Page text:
Details of the case are being presented on Thursday at the annual meeting of the European Association for the Study of Diabetes in Stockholm by Michael Yafi, director of pediatric endocrinology at the University of Texas, Houston.

Since there is no global registry, it is not possible to say definitively that the girl is youngest patient ever but Yafi said his own research had not revealed any other cases in this age group.
"I'm sure there probably are others but they are either undiagnosed or not reported yet," he told Reuters.

Diabetes is a growing problem worldwide with the number of diabetics estimated to be 387 million in 2014 and forecast to soar to 592 million by 2035, according to the International Diabetes Federation (IDF).

Friday, October 2, 2015

Why should we teach our doctors about the value of food as medicine?

Medical doctors (MDs) get less than 20 hours of education on nutrition. Chiropractic doctors get 100-200 hours. Naturopathic doctors get over 400 hours. 

Are you getting your food-based tocochromanols?
Warning, supplements with synthetic versions of Vitamin E limited to alpha-tocopherol can be dangerous. 




Vitamin E was discovered in 1922 with experiments on rats. When fed a purified diet devoid of vitamin E, the rats became infertile. Wheat germ oil added to their diet restored their fertility. Later, the oil-based substance was isolated and called the "antisterility" vitamin. (Tokos and phero are the Greek words for "offspring" and "to bear," so tocopherol literally means "to bear children.") Though there is no clear deficiency disease in humans, vitamin E is well accepted as an essential vitamin. There is some question, however, as to whether vitamin E is needed for fertility. From general public experience, though, it seems to be clear that vitamin E makes a difference to many. The average diet today contains much less natural vitamin E than it did 50 years ago; we will see soon why, and what vitamin E actually does in the body.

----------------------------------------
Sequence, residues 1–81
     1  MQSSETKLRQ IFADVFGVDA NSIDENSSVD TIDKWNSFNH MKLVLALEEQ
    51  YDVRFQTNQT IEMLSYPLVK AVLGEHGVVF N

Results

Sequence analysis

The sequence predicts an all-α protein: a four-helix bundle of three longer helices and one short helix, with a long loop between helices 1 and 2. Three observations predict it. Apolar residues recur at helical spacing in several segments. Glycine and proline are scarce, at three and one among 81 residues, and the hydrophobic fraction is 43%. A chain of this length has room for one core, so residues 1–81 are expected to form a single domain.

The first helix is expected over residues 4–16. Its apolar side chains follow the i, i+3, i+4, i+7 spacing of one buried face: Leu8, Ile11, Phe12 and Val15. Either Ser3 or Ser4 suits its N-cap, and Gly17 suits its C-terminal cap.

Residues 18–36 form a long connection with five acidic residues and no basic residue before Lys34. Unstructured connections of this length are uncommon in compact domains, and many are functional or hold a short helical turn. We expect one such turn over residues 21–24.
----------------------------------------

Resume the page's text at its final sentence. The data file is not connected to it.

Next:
Vitamin E plays an important role in protecting the body tissues from damaging reactions caused by free-radicals, which arise from many normal metabolic functions. Free-radicals are molecules that are energized at the loss of an electron. They become energetic and unstable and will react with any other molecule to acquire another electron. Free-radicals are responsible for many types of cancer, DNA damage, and blood clots. Vitamin E is a strong antioxidant and it helps prolong the life of red blood cells, it plays an essential role in cellular respiration. It protects biological membranes such as those found in the nerves, muscles, and cardiovascular system. It helps the body effectively use and store vitamin A and protects B-complex and vitamin C from oxidation reactions.

Vitamin E is a powerful antioxidant, protects your cells from oxidation, and neutralizes unstable free radicals, which can cause damage. This is done by the vitamin E giving up one of its electrons to the electron deficient free radical, making it more stable. While Vitamin E performs its antioxidant functions, it also protects the other antioxidants from being oxidized.